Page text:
Figure 2
 
Effect of VPAC1 and 2 agonists and VIP on [Ca2+]i. Cultured rat conjunctival goblet cells were loaded with fura-2 before addition of the VPAC1-specific agonist [Ala2,8,9,11,19,22,24,25,27,28]-VIP (Ala-VIP, [A, C]) or the VPAC2-specific agonist Bay 55-9837 (B, C) or VIP (DG). Traces in (A, B, E, G) are from a single, representative animal. Change in peak [Ca2+]i was calculated in the presence of Ala-VIP 10−12 to 10−9 M stimulation and is shown in (C). Data is mean ± SEM from four individual experiments. [Ca2+]i over time after Bay 55-9837 10−12 to 10−9 M addition is shown in (B). Change in peak [Ca2+]i was calculated in the presence of Bay 55-9837 10−12 to 10−9 M stimulation and is shown in (C). Data is mean ± SEM from four individual experiments. Pseudocolor images of [Ca2+]i before (left panel) and after (right panel) addition of VIP 10−6 M are shown in (D). [Ca2+]i over time after VIP 10−9 to 10−6 M addition is shown in (E). Change in peak [Ca2+]i was calculated in the presence and absence of extracellular Ca2+ o during VIP 10−9 to 10−6 M stimulation and is shown in (F). Data is mean ± SEM from three individual experiments. [Ca2+]i over time with VIP 10−8 M stimulation in the absence of Ca2+ o (first arrow) followed by reintroduction of Ca2+ o (second arrow) is shown in (G). *Indicates significant difference from zero. #Indicates significant difference of VIP in the presence of Ca2+ o.
Figure 3. 
 
Effect of VIP on activation of ERK1/2. Cultured rat goblet cells were incubated with VIP 10−8 M for 0 to 10 minutes or the muscarinic agonist carbachol (10−4 M) as a positive control for 10 minutes. Blot shown in (A) is representative of three individual experiments. Data shown in (B) is mean ± SEM from three individual experiments. Cultured rat goblet cells were also incubated for 5 minutes with VIP 10−9 to 10−7 M VIP. Blot in (C) is representative of eight individual experiments. Data shown in (D) are mean ± SEM from eight individual experiments. *Indicates significant difference from basal.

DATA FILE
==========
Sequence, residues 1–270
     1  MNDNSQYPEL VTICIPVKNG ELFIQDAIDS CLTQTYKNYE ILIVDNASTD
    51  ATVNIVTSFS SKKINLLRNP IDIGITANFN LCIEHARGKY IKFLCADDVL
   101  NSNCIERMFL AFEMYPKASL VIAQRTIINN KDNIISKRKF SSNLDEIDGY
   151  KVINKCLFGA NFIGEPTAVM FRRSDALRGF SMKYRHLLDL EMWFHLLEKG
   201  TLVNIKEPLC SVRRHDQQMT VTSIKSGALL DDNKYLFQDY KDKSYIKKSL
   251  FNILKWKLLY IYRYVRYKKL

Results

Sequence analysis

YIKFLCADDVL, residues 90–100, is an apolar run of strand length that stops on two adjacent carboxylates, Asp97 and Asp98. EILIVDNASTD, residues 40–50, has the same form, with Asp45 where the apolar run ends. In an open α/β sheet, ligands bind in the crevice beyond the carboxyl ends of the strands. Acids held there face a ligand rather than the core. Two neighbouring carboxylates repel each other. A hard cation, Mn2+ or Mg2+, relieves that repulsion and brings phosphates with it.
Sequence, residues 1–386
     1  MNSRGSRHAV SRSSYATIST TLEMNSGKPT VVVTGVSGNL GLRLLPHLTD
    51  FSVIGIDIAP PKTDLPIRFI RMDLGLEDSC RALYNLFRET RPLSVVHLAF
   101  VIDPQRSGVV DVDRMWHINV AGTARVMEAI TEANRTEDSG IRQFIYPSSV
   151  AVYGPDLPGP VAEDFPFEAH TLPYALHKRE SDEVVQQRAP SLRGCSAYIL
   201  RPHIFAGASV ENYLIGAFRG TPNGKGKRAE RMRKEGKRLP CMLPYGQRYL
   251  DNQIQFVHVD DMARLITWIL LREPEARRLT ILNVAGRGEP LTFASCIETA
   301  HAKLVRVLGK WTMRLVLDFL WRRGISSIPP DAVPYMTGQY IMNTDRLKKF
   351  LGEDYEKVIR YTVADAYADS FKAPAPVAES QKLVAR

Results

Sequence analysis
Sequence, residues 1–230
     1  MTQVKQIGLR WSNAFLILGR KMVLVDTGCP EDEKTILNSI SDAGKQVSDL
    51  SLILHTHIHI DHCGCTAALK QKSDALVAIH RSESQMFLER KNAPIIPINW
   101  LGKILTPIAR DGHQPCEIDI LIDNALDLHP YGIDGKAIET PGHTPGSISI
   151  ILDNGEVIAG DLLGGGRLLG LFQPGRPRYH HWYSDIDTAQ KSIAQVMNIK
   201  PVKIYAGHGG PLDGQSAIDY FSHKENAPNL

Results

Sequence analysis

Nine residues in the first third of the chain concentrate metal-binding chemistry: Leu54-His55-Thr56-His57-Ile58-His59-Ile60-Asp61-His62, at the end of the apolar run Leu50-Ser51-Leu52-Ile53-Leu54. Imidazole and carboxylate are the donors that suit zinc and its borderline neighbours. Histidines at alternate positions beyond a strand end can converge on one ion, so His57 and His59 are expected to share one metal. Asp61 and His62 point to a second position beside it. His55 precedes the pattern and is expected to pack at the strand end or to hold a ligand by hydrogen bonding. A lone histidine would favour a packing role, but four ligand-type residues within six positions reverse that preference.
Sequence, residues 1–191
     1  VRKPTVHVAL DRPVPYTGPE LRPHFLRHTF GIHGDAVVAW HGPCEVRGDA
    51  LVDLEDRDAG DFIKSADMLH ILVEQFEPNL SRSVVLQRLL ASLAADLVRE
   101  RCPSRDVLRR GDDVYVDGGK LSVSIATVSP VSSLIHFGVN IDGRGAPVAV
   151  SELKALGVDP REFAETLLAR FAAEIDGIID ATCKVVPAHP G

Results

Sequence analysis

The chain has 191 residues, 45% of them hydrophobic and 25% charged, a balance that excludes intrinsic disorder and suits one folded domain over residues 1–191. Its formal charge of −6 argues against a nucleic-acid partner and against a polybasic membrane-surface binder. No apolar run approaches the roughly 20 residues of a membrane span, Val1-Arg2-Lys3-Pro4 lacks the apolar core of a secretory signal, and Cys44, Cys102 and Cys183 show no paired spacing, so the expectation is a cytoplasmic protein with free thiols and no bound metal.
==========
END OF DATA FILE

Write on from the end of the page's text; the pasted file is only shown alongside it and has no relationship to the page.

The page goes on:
Figure 3. 
 
Effect of VIP on activation of ERK1/2. Cultured rat goblet cells were incubated with VIP 10−8 M for 0 to 10 minutes or the muscarinic agonist carbachol (10−4 M) as a positive control for 10 minutes. Blot shown in (A) is representative of three individual experiments. Data shown in (B) is mean ± SEM from three individual experiments. Cultured rat goblet cells were also incubated for 5 minutes with VIP 10−9 to 10−7 M VIP. Blot in (C) is representative of eight individual experiments. Data shown in (D) are mean ± SEM from eight individual experiments. *Indicates significant difference from basal.
Figure 4. 
 
Effect of chelation of extracellular Ca2+ on VIP-stimulated ERK1/2 activity. Cultured rat goblet cells were preincubated in either Ca2+ free, KRB containing 2 mM EGTA, or normal Ca2+ containing KRB for 5 minutes prior to addition of VIP 10−8 M for 5 minutes. Blot shown in (A) is representative of four individual animals. Please note that lanes in blot are from the same experiment but have been rearranged for clarity. Data shown in (B) are mean ± SEM from four individual experiments. *Indicates significant difference from basal. #Indicates significance from VIP.
Figure 4.